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What Are The Signs Of Malnutrition?

Malnutrition is more prevalent than you might think—half of older adults are at risk. Don’t miss the signs and symptoms of malnutrition in older adults.

Jan 28 2016

When people hear the word “malnutrition” they tend to think of starving children in developing nations. However, malnutrition, or undernutrition, exists in every part of the world and can affect people of all ages. In fact up to 50 percent of patients in hospitals worldwide are malnourished or at risk for malnutrition. And malnutrition is not always physically obvious.

So, what is malnutrition? Malnutrition is simply a lack of proper nutrition (i.e. poor nutrition), a condition in which the body doesn’t receive the right nutrients in the right amounts.

“Malnutrition happens when a person doesn’t get the right nutrients to live a healthful life; whether that be from not eating enough or eating too much,” says Abby Sauer, MPH, RD, a research scientist with Abbott. “Being malnourished causes an imbalance in our bodies and if it lasts long, it can have a significant impact on our health.”

Who Is at Risk?

While anyone can be malnourished, certain groups of people are at higher risk. Older adults, children and those who are ill are more likely to be malnourished because of loss of appetite and picky eating. Up to one in two older adults are at risk of malnutrition. And malnutrition in hospitals is very common as patients battle illness, surgery and longer recoveries that impact nutritional health.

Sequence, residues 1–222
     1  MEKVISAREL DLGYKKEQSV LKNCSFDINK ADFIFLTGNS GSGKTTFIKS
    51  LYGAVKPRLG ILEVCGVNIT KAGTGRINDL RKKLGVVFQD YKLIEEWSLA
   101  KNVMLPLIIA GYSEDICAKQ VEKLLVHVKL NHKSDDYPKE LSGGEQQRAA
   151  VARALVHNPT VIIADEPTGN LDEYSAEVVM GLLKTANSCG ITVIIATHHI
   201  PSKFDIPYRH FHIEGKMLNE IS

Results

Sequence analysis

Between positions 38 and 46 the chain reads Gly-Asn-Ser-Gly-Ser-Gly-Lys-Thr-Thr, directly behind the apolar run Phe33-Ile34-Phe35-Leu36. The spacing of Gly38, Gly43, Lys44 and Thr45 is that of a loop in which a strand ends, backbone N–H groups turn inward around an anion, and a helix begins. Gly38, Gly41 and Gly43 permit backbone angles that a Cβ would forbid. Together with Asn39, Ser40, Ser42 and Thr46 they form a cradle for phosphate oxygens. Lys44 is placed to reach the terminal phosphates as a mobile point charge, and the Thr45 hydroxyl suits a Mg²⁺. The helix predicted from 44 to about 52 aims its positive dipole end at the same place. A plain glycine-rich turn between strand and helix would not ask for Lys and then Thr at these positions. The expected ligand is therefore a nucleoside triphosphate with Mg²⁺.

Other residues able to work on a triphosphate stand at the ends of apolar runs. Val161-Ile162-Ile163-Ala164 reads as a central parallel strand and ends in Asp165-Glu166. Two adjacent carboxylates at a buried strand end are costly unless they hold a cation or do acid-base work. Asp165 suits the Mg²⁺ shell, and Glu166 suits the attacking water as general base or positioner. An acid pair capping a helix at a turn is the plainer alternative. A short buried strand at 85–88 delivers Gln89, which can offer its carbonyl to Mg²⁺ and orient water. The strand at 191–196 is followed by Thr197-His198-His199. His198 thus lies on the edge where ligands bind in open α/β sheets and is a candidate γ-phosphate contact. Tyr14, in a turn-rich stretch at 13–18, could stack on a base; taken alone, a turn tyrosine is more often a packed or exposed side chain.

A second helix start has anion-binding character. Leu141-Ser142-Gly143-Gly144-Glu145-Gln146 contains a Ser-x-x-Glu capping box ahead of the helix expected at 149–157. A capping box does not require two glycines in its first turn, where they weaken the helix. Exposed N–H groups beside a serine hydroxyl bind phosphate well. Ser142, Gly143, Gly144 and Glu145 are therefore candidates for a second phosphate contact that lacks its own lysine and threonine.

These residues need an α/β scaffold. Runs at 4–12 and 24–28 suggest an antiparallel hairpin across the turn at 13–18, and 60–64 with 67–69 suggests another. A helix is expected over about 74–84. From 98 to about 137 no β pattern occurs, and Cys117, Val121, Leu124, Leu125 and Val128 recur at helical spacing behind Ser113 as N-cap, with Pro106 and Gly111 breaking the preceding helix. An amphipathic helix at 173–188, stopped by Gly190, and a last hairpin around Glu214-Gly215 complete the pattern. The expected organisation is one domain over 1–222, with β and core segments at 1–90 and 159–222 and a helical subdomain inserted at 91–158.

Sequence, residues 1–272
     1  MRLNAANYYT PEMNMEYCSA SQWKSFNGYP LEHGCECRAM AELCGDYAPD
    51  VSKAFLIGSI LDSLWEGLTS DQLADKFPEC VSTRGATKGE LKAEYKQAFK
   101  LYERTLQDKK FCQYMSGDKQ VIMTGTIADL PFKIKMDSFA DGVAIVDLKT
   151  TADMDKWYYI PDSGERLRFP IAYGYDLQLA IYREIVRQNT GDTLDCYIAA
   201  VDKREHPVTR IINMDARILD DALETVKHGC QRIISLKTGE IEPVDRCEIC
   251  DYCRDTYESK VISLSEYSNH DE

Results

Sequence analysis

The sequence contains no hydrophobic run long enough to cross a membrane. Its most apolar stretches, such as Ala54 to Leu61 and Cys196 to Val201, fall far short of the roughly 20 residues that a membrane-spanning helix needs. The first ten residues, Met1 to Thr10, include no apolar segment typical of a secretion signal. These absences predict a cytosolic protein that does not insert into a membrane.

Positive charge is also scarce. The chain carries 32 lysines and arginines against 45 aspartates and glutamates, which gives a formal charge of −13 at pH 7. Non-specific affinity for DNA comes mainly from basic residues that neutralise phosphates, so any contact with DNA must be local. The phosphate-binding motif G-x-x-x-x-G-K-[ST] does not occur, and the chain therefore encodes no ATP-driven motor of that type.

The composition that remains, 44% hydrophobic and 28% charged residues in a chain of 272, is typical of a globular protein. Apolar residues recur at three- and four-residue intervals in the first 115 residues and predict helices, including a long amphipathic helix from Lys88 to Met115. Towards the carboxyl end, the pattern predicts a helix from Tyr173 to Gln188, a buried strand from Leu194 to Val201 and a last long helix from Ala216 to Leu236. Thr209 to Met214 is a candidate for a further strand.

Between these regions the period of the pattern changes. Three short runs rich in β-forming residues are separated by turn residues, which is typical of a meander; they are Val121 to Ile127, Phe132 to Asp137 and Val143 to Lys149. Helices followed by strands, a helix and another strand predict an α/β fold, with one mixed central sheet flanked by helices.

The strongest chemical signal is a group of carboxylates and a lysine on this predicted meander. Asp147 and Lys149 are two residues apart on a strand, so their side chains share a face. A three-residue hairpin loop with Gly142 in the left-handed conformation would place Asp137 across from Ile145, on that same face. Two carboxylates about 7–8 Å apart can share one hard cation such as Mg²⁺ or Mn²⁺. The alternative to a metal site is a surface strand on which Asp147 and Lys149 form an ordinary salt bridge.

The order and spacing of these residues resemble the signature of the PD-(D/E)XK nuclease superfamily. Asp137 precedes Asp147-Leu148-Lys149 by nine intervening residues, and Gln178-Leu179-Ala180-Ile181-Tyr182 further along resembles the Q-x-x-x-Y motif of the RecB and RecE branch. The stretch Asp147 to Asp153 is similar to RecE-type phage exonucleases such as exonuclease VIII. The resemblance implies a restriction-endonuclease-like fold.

“Malnutrition in older adults is a critical concern. The risk of falls, infections, and other health complications increases with malnutrition. Identifying malnutrition and intervening early is key to keeping loved ones as strong as possible and reducing complications,” Sauer says.


Infographic: Know the Risks of Malnutrition

What Are the Signs and Symptoms?

Some of the signs of malnutrition include unintentional weight loss, lack of appetite, being sick, injured or having an underlying health issue.

Symptoms can include tiredness, lack of energy or strength and more. For loved ones, look out for looser clothes or rings—sometimes those are small signs that someone is losing weight because of malnourishment or at risk of malnutrition.


What Are the Complications of Malnutrition?

If left untreated, malnutrition can have serious complications. In the hospital, malnourished patients face increased complications, such as infections, slower recovery, a higher risk of infections at surgical sites and an overall higher risk of death. And, alarmingly, half of patients who fall in the hospital are malnourished.


How Can You Prevent Malnutrition?

  1. Take a look at your plate
    Make sure you are trying to eat balanced meals that include the right mix of protein, fat and carbohydrates. Older adults often need more protein to combat the natural progression of muscle loss due to aging. Talk to your doctor, nurse or registered dietitian about your diet and ensure you are getting the right nutrition.

  2. Watch out for your loved ones
    Take note if anyone has lost weight unintentionally or is lacking energy.

  3. Prioritize hospital nutrition
    If you become hospitalized, keep nutrition top of mind and talk with hospital professionals to ensure you are well nourished during your stay and after.

With the right attention to nutrition you can maintain your health and lower you or your loved one's risk of malnutrition. Visit www.nutritionmatters.com for more information.